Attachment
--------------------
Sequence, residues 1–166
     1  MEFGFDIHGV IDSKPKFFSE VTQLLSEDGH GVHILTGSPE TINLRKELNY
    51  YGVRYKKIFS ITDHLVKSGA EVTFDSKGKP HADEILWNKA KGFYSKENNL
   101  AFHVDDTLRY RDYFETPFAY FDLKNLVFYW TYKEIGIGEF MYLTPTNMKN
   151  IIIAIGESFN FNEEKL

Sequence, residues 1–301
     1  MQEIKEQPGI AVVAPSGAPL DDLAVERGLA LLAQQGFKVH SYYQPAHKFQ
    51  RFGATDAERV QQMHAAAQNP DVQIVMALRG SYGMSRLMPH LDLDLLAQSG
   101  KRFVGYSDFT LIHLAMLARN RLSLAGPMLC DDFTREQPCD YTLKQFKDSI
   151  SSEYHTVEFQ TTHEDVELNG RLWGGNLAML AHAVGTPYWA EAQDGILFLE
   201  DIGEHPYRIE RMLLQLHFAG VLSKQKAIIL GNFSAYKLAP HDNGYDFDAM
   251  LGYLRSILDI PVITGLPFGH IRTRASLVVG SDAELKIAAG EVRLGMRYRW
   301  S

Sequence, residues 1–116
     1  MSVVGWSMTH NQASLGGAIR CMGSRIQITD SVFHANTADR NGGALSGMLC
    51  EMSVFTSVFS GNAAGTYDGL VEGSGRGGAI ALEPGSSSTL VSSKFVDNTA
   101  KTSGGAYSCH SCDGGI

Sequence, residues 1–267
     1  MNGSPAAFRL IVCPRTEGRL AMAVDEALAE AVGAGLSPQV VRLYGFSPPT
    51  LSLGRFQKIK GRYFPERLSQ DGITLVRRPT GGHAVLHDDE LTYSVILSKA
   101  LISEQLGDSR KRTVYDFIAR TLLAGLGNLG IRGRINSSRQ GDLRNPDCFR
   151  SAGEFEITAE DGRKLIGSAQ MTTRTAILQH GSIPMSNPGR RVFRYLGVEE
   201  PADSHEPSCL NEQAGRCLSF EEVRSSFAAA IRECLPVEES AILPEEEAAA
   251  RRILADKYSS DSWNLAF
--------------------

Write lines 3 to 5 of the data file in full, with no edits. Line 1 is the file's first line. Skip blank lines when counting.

    51  YGVRYKKIFS ITDHLVKSGA EVTFDSKGKP HADEILWNKA KGFYSKENNL
   101  AFHVDDTLRY RDYFETPFAY FDLKNLVFYW TYKEIGIGEF MYLTPTNMKN
   151  IIIAIGESFN FNEEKL